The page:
If you want to know who is steering Canada's foreign policy look no further than Canada's voting record in the U.N. General Assembly whenever a resolution concerns Israel.
Under our fundamentalist prime minister, Harper, it was no surprise that Canada was blindly loyal to Israel against all comers. Less expected, however, was that the current prime minister would continue on in lockstep with his predecessor.
You don't hear about these votes. They don't make the news. The government doesn't go out of its way to get the word out either. It seems it's not something they want to share with the Canadian public. Fortunately our friend, Alison, at Creekside periodically updates Canada's voting record. It's always the same. The rest of the world versus the U.S., Canada, and a gaggle of "bought and paid for" votes from small island states of the central and south Pacific. Clear away the island state clutter and it's Canada and the country to which we've outsourced our foreign policy, the United States, versus the world.
Maybe it's time we tried something new, something better. Maybe it's time we showed the slightest hint of integrity. Why not outsource our foreign policy to another country, one less Trumpian? Why not Germany?
In the post-war years Germany became a staunch supporter of Israel. Sure, guilt, had a big role in that but it was a relationship that flourished. Recently, however, the Germans seem to have had enough.
The cabinets of both countries traditionally hold a joint meeting once a year, alternating annually between Berlin and Jerusalem. The next German-Israeli intergovernmental consultation had been planned for May, but the Chancellery announced suddenly a few weeks ago that the meeting would be "delayed." The reason provided was the "many international meetings in the scope of the German G-20 presidency."
But that wasn't the real reason. The cancellation was Berlin's way of protesting against Israeli President Benjamin Netanyahu's plan to legalize illegal Jewish settlements in the occupied West Bank. That was the first diplomatic affront. A much more significant one took place Tuesday when German Foreign Minister Sigmar Gabriel traveled to Jerusalem, where he planned to meet with the prime minister. Netanyahu , though, cancelled their planned meeting at the last minute.
It's not unlike two friends who have drifted apart over the years. Irritation comes first, but neither has the courage to say so openly. When the conflict does finally erupt, however, it is correspondingly more vitriolic. That's the situation in which Jerusalem and Berlin currently find themselves, and Foreign Minister Gabriel isn't the only one getting increasingly resentful. So too is Chancellor Angela Merkel, who, in a 2008 before the Knesset, declared that solidarity with Israel is an integral part of Germany's raison d'état.
It has long been one of the fundamental convictions of German foreign policy that, given the crimes committed by the Nazis in World War II, the country should hold back in its criticism of Israel. But this axiom no longer holds. One reason is Netanyahu's construction of an increasing number of new settlements in the West Bank, thus imperiling the establishment of a viable Palestinian state. Another is the disquiet in both the Chancellery and the Foreign Ministry over the right-wing Israeli government's harrassment of opposition groups. In addition to fears about the failure of the two-state solution, fears are also mounting about Israel's own democratic culture.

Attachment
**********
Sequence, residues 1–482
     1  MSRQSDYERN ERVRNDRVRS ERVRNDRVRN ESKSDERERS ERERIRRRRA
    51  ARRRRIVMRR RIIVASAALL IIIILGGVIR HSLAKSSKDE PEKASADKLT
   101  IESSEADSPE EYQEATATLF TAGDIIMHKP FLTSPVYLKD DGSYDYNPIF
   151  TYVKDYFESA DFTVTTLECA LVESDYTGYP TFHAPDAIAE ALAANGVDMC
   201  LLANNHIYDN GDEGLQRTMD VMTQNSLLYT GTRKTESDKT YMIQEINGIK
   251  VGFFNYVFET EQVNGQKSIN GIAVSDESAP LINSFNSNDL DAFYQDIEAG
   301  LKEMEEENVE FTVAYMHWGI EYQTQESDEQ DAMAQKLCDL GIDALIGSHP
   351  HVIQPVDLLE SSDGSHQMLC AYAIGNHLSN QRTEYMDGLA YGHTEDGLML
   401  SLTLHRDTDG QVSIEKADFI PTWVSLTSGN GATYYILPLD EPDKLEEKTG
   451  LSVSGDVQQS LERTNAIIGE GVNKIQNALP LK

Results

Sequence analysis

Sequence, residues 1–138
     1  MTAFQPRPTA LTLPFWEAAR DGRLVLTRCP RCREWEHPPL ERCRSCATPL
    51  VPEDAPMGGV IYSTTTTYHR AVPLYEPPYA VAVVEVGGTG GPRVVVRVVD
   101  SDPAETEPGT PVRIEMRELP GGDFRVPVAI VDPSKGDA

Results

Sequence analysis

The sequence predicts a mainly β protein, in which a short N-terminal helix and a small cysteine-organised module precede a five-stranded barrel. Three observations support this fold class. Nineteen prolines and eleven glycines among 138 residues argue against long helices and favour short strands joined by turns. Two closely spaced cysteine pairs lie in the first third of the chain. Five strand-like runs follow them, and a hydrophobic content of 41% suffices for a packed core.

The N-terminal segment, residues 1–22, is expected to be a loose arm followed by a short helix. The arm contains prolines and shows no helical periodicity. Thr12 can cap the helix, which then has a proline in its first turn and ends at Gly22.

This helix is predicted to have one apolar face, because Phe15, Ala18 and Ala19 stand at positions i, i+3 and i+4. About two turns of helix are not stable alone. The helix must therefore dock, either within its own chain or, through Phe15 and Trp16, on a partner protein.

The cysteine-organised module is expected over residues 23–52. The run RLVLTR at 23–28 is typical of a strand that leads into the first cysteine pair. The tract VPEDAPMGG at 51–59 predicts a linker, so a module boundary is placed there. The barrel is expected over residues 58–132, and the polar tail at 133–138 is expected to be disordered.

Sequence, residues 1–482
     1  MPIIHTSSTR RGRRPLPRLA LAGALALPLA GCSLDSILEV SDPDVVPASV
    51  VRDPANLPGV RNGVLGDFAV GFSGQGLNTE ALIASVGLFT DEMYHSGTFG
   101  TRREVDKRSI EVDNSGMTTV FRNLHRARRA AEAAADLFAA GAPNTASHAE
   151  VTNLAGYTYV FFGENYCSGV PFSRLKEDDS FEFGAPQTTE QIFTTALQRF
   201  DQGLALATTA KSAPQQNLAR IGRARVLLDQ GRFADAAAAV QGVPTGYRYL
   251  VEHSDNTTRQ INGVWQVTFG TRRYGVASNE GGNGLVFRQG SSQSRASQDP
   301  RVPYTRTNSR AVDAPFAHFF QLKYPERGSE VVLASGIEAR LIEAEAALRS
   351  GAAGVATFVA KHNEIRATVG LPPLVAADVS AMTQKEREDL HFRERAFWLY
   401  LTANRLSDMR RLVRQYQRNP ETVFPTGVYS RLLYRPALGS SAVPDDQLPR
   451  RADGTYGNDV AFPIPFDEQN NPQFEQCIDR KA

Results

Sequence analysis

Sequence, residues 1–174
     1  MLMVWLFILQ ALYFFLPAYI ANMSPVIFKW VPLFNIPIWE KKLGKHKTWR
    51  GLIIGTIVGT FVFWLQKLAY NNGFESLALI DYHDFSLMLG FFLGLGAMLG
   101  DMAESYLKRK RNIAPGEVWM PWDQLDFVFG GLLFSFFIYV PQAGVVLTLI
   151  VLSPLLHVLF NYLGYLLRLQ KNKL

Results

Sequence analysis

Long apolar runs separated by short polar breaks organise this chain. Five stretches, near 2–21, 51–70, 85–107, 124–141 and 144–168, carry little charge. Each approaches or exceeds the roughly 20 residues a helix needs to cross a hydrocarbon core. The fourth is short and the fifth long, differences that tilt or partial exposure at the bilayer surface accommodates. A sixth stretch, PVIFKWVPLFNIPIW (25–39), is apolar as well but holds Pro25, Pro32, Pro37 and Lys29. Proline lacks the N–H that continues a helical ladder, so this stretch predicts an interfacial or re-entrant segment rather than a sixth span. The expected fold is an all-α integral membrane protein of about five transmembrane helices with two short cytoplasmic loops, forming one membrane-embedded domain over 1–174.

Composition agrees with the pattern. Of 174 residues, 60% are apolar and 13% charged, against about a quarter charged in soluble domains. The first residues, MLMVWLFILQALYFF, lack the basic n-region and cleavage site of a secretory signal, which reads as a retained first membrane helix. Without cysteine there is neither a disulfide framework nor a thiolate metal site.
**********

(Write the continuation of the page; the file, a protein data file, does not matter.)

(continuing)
If Germany has slowly, reluctantly reached this point, what's Canada's excuse for still looking the other way?
One in 830 Germans is Jewish; one in 90 Canadians is Jewish; and one if 50 Americans is Jewish. Population alone should account for some of the difference in policy.
Just because someone identifies as Jewish doesn't mean they agree with Israel's current government policy. If so, how should we interpret the fact that there are 3x as many Muslims as Jews in Canada?
UU4077 is right, Toby. American Jews, for example, are widely regarded by Netanyahu and his coalition as "faith traitors" for the unwillingness of many to support the radical rightwing government of Israel and their support of peace with the Palestinians.
Canada's Jewish population, however, seems considerably more rightwing than America's.
This is the USA
Canada has, for starters, the Aspers who have been very influential particularly during the Harper administration.
Israel plays the religious and race cards very well.( not that Israel is a particularly united country)
The religious card is played; ace by ace to the evangelicals within the USA and the UK.
Armageddon is the catalyst that binds the fanatics on both sides of the atlantic.
At the end of the day, for the world to survive, we will have to fight climate change and religious extremism for they are entwined.
Yes, why not? Let's do this. Do we line up with a liberal democracy or a crazy hybrid of crazy
with mad-men at the helm?
Ideological reasons aside, I suspect both the Liberals and Conservatives made a similar calculation. Israel has moved pretty firmly away from a peace option and towards a pro-settlement, pro greater Israel view, and Canada's Jewish population has mostly followed suit. Any political party that adopts a critical policy towards Netanyahu is likely to take hits in the media, in donations, and in votes, and would not gain much domestically. A lot of political commentators in Canada are also very comfortable in being progressive on everything but Israel.
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